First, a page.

it seems like all the drawing functions handle the floats fine by just truncating them anyway?
is there more memory overhead to store floats vs the int we get from flr?
what about the processor overhead from calling flr every time we want a random int?
Consider a situation where you want to choose a random element from a table. You can't index a sequential table with a non-integer, so:
I don't think the overhead is significant.
EDIT: I did a quick test, comparing flr(a), band(a,0xffff), and (a-a%1), which are all equivalent, over 655,340 iterations. band(a,0xffff) is the fastest, but by a very small margin. In most situations, I'm not sure that you'd notice the difference.
I guess I should figure out how to test this stuff myself but I know almost nothing about optimization. So, the CPU overhead is small, what about for storing x,y position? I assume integers take less memory, so would it be preferable to convert float to int for objects rather than avoiding the flr() call ?
In Pico-8 there are no floating-point numbers, or integers for that matter. All numbers in Pico-8 are stored as 1:15:16 fixed-point—1 bit for the sign, 15 bits for the whole number, and 16 bits for the fractional component—which means that they all take up 32 bits of space in memory. The only difference between an integer and a number with a decimal is that the integer's bits after the decimal are set to zero.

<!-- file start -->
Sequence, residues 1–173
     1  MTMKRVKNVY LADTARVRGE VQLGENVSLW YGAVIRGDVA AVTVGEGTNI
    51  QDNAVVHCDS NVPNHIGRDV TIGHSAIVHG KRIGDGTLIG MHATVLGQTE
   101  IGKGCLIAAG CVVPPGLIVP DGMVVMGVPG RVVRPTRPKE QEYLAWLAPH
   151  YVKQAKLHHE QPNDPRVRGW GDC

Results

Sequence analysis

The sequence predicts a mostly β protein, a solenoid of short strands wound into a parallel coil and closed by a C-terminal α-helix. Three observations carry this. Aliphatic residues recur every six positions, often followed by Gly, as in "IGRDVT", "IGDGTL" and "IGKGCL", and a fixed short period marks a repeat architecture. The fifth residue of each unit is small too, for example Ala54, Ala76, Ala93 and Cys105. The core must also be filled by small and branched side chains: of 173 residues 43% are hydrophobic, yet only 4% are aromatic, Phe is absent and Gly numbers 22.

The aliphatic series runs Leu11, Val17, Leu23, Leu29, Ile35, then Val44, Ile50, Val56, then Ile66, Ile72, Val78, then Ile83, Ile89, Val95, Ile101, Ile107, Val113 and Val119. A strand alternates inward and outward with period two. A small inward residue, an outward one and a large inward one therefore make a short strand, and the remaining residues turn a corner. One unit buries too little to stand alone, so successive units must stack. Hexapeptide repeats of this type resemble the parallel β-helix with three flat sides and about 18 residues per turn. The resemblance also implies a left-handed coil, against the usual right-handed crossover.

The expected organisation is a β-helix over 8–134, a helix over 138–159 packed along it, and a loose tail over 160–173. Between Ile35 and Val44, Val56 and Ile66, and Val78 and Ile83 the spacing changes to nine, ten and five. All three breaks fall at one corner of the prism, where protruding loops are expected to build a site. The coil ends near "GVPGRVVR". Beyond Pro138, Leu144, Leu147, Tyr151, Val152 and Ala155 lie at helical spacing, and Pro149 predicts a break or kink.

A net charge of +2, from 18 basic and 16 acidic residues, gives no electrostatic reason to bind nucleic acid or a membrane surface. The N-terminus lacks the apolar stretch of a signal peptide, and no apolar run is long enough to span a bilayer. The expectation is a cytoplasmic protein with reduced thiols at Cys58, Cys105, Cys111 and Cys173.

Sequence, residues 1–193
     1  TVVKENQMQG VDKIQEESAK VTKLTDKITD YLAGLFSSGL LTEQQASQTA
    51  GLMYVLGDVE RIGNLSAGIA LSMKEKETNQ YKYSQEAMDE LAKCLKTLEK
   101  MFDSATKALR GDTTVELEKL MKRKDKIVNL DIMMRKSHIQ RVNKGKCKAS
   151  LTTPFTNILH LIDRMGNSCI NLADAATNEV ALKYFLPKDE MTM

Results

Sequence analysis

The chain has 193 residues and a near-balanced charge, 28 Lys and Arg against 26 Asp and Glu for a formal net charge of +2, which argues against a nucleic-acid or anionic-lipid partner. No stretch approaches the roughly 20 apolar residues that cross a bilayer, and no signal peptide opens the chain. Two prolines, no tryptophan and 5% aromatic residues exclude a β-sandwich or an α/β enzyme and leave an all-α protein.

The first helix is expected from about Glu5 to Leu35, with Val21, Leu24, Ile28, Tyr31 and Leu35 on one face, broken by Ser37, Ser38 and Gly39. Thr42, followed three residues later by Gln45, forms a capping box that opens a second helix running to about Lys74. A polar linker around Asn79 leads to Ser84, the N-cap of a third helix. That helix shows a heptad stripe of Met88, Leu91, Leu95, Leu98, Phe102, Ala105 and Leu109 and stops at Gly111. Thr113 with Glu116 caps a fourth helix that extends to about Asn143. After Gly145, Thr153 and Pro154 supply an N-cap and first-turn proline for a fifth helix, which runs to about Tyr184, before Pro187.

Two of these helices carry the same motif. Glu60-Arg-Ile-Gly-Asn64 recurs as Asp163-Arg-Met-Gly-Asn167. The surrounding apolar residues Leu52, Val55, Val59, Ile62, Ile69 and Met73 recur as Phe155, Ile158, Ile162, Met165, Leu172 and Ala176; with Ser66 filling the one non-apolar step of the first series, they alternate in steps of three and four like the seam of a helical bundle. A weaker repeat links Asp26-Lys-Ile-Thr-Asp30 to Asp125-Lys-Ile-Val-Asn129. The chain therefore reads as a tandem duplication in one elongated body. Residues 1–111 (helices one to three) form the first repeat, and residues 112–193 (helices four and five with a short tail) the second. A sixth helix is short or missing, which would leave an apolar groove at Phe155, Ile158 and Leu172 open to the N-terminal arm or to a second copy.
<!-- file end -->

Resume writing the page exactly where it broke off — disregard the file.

Usually, the only reason you'd even care about memory footprint would be if you want to store something very large (e.g. an image, or a 3D model) in RAM and you need to compress it to save space. For example, if your data consists of numbers within a range of 0-255, you can represent them as 8-bit integers and then pack 4 of them into a single Pico-8 number.
Ah geez. Thanks for clearing that up for me. I have had some issues running out of memory when storing like more than a thousand tables in a list, but that was just me trying to see how many points I could connect with lines and not a real game situation
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